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    What I found works great for a medium rare steak is a method my brother taught me. Similar method as to what you're using, get a well-seasoned cast-iron frying pan hot. Give the steak a nice sear on each side (maybe a minute on each), and then toss it into a 300 degree oven until required done-ness. That way you won't burn the steak but you'll get that awesome sear and if you have people that like it different done-ness (one person wanting rare, another person medium).. just pull out the rare steak earlier than the medium. As a bonus, you can toss in like sliced onions and bell peppers into the pan when you put the steaks into the oven as well for a nice tasty side.

    I've made similar mistakes as well, but it's from these mistakes we learn. Keep at it and don't let this discourage you, and soon you'll find how to prepare the perfect steak for yourself. :)
     
    Redcap and (deleted member) like this.
  5. ATCclears

    ATCclears Seattle area, WA Well-Known Member

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    Redcap's recommendation for a steak rub sounds good. I do something similar here in Seattle with a Tom Douglas brand of steak rub.

    Another idea that I use for Filet Mingon. You'll need a cast-iron frying pan for this, or a pan with no plastic parts that can go in the oven.
    - apply a rub to the steak(s), let them sit for a bit
    - turn the oven on to 375F
    - put a cast-iron frying pan on medium heat, let it get warm
    - don't put any oil or butter in the pan
    - put the steak(s) in the pan, cook/sear each side for about 30 seconds
    - leave the steak(s) in the pan and tranfer the pan to the oven
    - cook for 15-19 minutes, depending on how you like your steak done and how thick the steak is
    - double-up on the oven mitts before removing the pan since that sucker will be hot(!)
    - transfer the steak(s) to a plate, cover with a bit of aluminum foil, and let sit for about 10min

    Use this idea to judge how well the meat is done. Don't cut into the meat, just push it a bit with say a set of tongs. You don't want to break the "seal" of the sear and accidentally allow more juices to escape from the steak.
    The Finger Test to Check the Doneness of Meat | Simply Recipes

    The last step of letting the meat "rest" is important since it will reabsorb more of the juices and be more tender/juicy.

    Peter
     
  6. Simonpie

    Simonpie Portland Active Member

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    Nice!

    Cooking is chemistry, biology, thermodynamics, and art all rolled into one.

    Baking soda puts out fires pronto. It won't help the art any.

    My french mother, who is an awesome cook, does steaks in butter. It is a lower temp than oil, but I like my steak heated a little deeper than most people. The "burnt outside-raw inside" style isn't my thing.
     
  7. Toxic6

    Toxic6 Higher then a PDX hipster (~10,000 ft higher) Active Member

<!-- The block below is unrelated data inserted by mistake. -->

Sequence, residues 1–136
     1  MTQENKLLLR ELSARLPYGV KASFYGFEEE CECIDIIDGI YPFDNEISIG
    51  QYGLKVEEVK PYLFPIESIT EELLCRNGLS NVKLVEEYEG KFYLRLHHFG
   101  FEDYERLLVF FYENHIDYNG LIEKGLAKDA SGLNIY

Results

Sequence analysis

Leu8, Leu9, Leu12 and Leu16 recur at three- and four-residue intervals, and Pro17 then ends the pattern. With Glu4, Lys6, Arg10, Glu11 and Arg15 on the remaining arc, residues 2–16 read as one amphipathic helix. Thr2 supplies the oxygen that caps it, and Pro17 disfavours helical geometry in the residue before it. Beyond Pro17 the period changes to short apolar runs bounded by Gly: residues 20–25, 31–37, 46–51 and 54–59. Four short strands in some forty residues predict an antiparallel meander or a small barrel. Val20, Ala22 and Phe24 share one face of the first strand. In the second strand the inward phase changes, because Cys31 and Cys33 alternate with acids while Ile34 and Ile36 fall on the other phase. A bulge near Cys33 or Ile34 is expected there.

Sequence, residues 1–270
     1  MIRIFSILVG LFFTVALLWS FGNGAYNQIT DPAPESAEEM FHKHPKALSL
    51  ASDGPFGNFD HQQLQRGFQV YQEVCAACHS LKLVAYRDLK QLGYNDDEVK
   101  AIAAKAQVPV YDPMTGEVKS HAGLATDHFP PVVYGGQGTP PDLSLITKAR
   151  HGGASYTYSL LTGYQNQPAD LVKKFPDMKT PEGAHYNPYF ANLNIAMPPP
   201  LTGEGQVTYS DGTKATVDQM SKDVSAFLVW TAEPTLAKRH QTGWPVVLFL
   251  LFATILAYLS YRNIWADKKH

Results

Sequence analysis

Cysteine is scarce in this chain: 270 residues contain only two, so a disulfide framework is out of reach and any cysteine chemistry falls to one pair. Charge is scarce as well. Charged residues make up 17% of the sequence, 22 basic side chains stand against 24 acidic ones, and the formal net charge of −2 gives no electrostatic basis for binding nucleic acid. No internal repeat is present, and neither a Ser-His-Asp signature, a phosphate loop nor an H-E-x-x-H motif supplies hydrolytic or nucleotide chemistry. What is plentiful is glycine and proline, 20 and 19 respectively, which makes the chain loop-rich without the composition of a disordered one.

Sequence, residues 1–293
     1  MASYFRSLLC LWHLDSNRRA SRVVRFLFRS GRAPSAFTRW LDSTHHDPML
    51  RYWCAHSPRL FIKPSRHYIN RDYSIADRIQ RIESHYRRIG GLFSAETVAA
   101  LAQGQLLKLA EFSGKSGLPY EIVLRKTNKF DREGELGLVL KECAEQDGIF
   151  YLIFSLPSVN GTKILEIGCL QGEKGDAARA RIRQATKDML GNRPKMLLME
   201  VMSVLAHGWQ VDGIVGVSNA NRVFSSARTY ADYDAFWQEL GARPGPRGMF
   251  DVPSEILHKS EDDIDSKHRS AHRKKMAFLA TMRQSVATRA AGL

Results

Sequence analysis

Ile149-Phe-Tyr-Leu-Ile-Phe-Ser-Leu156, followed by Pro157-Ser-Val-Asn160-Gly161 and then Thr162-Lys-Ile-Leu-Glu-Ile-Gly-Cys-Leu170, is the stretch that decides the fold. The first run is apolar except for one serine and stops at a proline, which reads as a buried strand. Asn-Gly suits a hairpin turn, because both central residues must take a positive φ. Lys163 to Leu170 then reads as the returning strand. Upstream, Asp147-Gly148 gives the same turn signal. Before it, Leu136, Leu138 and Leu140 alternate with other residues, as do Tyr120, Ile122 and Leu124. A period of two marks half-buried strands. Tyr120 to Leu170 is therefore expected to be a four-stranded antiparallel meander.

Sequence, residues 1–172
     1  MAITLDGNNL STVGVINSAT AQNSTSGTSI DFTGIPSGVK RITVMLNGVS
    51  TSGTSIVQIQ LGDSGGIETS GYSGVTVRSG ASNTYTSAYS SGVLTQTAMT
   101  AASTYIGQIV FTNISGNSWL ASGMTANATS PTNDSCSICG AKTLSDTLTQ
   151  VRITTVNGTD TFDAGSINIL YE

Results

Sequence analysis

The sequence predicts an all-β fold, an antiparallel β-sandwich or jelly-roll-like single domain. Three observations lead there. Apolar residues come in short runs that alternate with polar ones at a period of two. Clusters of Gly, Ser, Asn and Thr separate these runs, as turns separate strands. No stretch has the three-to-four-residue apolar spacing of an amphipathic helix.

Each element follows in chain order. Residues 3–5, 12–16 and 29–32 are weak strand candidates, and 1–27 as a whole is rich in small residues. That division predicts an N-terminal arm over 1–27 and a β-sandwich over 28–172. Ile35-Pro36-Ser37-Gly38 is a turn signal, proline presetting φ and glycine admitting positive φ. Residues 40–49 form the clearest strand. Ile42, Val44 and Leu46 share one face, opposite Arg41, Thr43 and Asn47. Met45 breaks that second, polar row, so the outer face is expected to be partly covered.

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    Whoops, lol.

    I like to soak em in Worcestershire over night, then salt and pepper while cooking. We have one of the griddle cast iron pans with the lines in it - spray with pam or oil it and the steaks usually won't stick.
     
  8. Cougfan2

    Cougfan2 Hillsboro, OR Well-Known Member

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    One thing you might want to try to learn to get your steak cooked the way you want it is to learn how the steak "feels" when it's cooked the way you like it. I learned when I was cooking in a restaurant when I was in college to take the spatula or cooking fork and press down gently on the top of the steak while it is cooking. The more "give" in the meat, the rarer it is. With a steak that is seared well, you can't often tell my looking at it how done it is, but you can definitely feel it.
     
  9. bruzer

    bruzer Grants Pass, OR Well-Known Member

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    Glad you and the house and the dog are OK. I was always taught never heat up an empty pan so I always puts my oil in the COLD pan before any heating takes place.
    Mike
     
  10. gunnails

    gunnails Hillsboro Active Member

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    To extinguish flame, put a cover over the pan.

    Steaks go on the BBQ.
     
  11. korntera

    korntera Oregon Member

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    And I thought this was going to be a thread about how you were trying to better see your Meth pipe since your last tree burned down :paranoid:
     
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  12. billgrigsby24

    billgrigsby24 Beaverton, Or Active Member

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    Truffle butter is really good on a steak also.
     
  13. Bigfoot

    Bigfoot Clack Co. OR Well-Known Member

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    Sounds like you are going for the same flavor that I like. I mix equal parts salt, pepper and garlic. Restaurant cooks call it SPG.

    Last year I was reading recipes for KFC Original Recipe and one of the formulas was 2 parts salt, pepper, garlic and 1 part MSG. When used on fried chicken it tastes like KFCs Extra Crispy. It's become my go-to spice on meats.